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‘Silent extinction’: myrtle rust fungus spreads to WA’s Kimberley | Environment

Written by Javed Iqbal

An invasive fungus attacking some of Australia’s most ecologically important tree species has spread Western Australia while it also flourishes in humid conditions along the country’s eastern side, driving a “silent extinction” and prompting urgent calls for a national response.

Experts warn that if the myrtle rust fungus discovered in the eastern Kimberley reaches the state’s biodiversity-rich southwest, the consequences could be catastrophic for these ecosystems.

The site was discovered in a New South Wales nursery in 2010, the fungus – recognizable by its bright yellow spots and rust on leaves – has established itself along the entire east coast and has been detected in every state except South Australia.

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One in 2021 study predicted myrtle rust could claim at least 16 rainforest plants within a generation in an extinction event of “unprecedented magnitude”.

The fungus affects plants in the myrtaceae family – a diverse group that includes rainforest species, paperbarks, eucalypts and myrtles. The once widespread native guava has been nearly wiped out by the fungus.

A team led by WA’s Department of Primary Industries discovered the fungus on nine broadleaf and narrowleaf paperbarks in the eastern Kimberley in late June. The exact species of melaleuca affected is not yet known.

Myrtle rust
“Myrtle rust can travel hundreds of kilometers on the wind, which is why it spreads so far,” says Dr. Louise Shuey. Photo: Louise Shuey

The department is investigating tourist hotspots and nurseries, with no new detections so far. The potential impacts were “yet to be determined”, a department spokesman said, but the disease can cause tree death, decay, species loss and compromise ecosystems.

Dr. Louise Shuey, a forest pathologist with Queensland’s Department of Agriculture and Fisheries, traveled to the Kimberley to help with the detection effort.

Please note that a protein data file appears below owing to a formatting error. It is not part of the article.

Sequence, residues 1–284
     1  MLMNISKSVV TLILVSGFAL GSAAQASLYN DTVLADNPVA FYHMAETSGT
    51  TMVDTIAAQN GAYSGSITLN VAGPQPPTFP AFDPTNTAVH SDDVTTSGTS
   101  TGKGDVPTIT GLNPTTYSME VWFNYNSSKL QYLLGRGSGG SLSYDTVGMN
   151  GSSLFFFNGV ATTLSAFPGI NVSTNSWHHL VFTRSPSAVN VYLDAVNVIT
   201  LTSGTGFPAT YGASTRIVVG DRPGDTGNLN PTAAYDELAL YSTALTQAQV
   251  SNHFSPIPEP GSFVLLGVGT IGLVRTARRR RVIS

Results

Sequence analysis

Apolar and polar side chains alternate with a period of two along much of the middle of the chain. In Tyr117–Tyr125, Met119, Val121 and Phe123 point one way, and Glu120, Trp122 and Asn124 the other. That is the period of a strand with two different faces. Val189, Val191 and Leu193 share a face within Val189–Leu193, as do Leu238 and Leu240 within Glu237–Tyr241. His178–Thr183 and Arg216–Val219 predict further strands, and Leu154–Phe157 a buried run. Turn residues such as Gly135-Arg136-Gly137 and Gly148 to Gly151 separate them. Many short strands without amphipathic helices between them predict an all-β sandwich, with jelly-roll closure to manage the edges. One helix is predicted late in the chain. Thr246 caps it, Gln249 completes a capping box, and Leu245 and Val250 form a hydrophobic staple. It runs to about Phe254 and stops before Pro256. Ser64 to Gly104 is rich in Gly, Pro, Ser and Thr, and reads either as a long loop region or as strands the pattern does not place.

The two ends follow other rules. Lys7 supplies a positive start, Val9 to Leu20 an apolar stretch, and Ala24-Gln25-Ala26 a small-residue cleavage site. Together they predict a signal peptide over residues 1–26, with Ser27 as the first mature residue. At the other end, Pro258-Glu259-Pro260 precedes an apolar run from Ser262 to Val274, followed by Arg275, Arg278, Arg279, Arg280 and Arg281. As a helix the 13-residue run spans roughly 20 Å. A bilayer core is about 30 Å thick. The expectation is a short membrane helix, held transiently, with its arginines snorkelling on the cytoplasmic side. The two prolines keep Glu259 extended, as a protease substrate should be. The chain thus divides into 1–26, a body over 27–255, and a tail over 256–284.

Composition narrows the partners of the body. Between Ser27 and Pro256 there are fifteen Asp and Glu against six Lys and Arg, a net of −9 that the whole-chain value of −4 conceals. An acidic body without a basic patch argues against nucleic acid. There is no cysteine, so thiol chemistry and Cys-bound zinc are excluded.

“Myrtle rust can travel hundreds of kilometers on the wind, which is why it spreads so far,” she said.

The location was sought after modeling pointed to isolated wetland as a likely site spreading from affected plants in the Northern Territory to the east.

Alyssa Martino, a researcher at the University of Sydney, has started testing 25 WA melaleuca species for their susceptibility to the fungus, which originates from South America. The first three tested have shown high susceptibility.

Martino said the rust sent plant species to extinction, so understanding how different plants responded would help conservation efforts.

Shuey said it would be crucial to keep the rust out of Queensland’s biodiversity hotspot in the south-west, as it was the planet’s most diverse area for myrtaceae – with almost half the world’s species.

Bob Makinson, a conservation botanist, coordinated a national action plan – developed voluntarily by concerned scientists and wild plant managers – through the Australian Network for Plant Conservation.

About 350 Australian species have been identified as fungal hosts. Makinson said the myrtaceae in the state’s southwest were intrinsic parts of the ecosystem.

“Many of them are part of the spring wildflower community that attracts tourists from around Australia and the world,” he said.

“If it becomes established there, we are likely to see a large increase in the number of host species and in the number of native species threatened with decline or extinction. It could be a biological disaster.”

The fungus particularly likes moisture and fresh vegetation, and therefore thrives in new growth after rain or bushfire, which means that wet conditions in the east of the country had provided the perfect environment.

The national action plan was finalized in 2020, but has not been formally adopted by the governments.

“While some agencies and researchers are heroically active on it, their efforts need to be expanded, stitched together and better resourced,” Makinson said.

James Trezise, ​​conservation director at the Invasive Species Council, said myrtle rust was driving a “silent extinction” among Australia’s diverse plant life.

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“It is clear that the system for dealing with this major environmental threat is not working,” he said.

“Australia already has the sinister title of world leader in mammal extinction. If we don’t strengthen our threat control and biosecurity systems, we may also find ourselves as the world leader in plant eradication.”

Federal Environment Minister Tanya Plibersek agreed a coordinated response was needed and said the government was working to implement a national action plan.

“There has been targeted investment to create a national inventory of myrtle rust susceptible species and deliver specific myrtle rust training to native rangers and landowners in NSW and Queensland,” she said.

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Javed Iqbal

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